Professional Big Wave Surfer

Editor’s Note: Earlier this year we sat down with Greg Long and talked all things health. The following is an excerpt from our conversation.

Greg Long Photo: Jeremy Searle

Greg Long. 70% raw, 30% cooked veggies and a little bit of fish here and there. Photo: Jeremy Searle

I quit eating any red meat or white meat about ten years ago. Originally, I stopped eating meat after physical complications when I returned from a trip down to Mexico. I got a parasite and got really sick for a few months. Afterwards, whenever I would eat meat, my body would have a really difficult time digesting it. It just wasn’t breaking it down, and I’d feel sick for a week after.

I was vegan for almost a year at one point, and it felt amazing, but it became really difficult to travel. A lot of places, I’d have to take a suitcase of food with me, and it just became extra work and stress. Often, everyone was going out to eat, and I’d sit there at the table, twiddling my thumbs and watching everyone. Eventually, I decided I felt like there was stuff I was missing out on. But as far as my health, that was the best I’ve felt in my entire life. I eat a little bit of fish now. So when I’m traveling, and I can’t get the best quality fruit and veggies, there is always fish to get my protein intake. Otherwise, when I’m home I probably eat about 70% raw, just fruits and veggies, and 30% cooked veggies and a little bit of fish here and there.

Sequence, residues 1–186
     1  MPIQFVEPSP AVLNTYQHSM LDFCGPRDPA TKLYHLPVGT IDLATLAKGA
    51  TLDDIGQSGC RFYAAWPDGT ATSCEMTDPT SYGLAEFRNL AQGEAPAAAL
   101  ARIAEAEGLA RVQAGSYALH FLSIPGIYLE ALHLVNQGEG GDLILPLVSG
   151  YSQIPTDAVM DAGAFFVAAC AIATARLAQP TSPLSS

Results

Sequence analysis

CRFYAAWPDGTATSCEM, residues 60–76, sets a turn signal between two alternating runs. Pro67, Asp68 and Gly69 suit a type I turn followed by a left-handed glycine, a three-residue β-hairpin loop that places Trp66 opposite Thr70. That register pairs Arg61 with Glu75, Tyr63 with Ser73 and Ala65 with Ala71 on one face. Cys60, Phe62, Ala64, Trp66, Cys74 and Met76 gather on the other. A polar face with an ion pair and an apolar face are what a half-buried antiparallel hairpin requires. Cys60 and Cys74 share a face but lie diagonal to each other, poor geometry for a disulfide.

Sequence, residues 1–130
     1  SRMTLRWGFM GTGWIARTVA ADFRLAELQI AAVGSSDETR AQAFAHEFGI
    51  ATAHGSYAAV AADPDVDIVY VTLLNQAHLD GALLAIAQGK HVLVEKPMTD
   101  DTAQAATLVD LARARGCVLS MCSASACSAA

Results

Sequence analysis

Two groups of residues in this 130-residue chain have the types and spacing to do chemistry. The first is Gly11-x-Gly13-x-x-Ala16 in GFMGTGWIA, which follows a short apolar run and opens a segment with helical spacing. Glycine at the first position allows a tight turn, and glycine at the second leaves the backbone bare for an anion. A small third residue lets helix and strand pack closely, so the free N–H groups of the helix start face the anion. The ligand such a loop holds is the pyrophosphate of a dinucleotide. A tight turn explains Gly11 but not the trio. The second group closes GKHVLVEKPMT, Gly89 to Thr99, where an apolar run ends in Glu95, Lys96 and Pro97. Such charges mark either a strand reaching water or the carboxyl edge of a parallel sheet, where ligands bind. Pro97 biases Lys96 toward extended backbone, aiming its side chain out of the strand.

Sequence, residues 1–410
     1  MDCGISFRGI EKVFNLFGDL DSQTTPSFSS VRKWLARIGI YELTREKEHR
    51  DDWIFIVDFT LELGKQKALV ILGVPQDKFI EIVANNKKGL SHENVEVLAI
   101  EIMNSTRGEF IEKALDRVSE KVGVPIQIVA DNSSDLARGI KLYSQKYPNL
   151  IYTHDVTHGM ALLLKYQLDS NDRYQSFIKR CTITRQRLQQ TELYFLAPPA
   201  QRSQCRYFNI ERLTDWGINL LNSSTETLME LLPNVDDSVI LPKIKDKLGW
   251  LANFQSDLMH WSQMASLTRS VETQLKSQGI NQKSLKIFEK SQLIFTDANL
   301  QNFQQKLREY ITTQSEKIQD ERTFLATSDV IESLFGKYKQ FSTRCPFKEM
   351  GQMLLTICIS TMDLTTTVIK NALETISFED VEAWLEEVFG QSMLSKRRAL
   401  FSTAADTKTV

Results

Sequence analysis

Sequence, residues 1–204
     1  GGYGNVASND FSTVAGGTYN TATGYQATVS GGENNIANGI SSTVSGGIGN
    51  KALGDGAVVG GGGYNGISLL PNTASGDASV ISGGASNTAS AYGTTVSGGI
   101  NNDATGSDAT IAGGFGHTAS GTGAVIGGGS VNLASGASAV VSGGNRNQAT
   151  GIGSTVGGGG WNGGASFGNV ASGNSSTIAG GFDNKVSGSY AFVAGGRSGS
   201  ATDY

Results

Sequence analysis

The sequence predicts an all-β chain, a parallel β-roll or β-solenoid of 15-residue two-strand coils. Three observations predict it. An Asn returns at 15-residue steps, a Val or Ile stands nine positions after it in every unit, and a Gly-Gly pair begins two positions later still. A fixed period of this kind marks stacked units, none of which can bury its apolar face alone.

I quit eating fish there for a while too, and immediately felt a lot better. It was at that time, when I was about 22 years old when I really started researching more about health and nutrition and diets and what they might contribute and negative aspects to them. It was at that point I also started reading more about farming processes especially here in the US, and I was just turned off from eating meat on a number of different levels.

One, I just didn’t need it. My body didn’t need it. I felt better when I wasn’t eating it. Two, after looking at a lot of the inhumane farming processes, you have to go to pretty extreme lengths to find anything that is farmed in a way that is somewhat respectful. But really it comes back to the fact that I feel great without it. I don’t need it.

It’s everyone’s choice to live however they want, and choose what they want to eat. I wouldn’t criticize anyone for their diet or their personal beliefs, but for me it’s been about ten years without eating meat.


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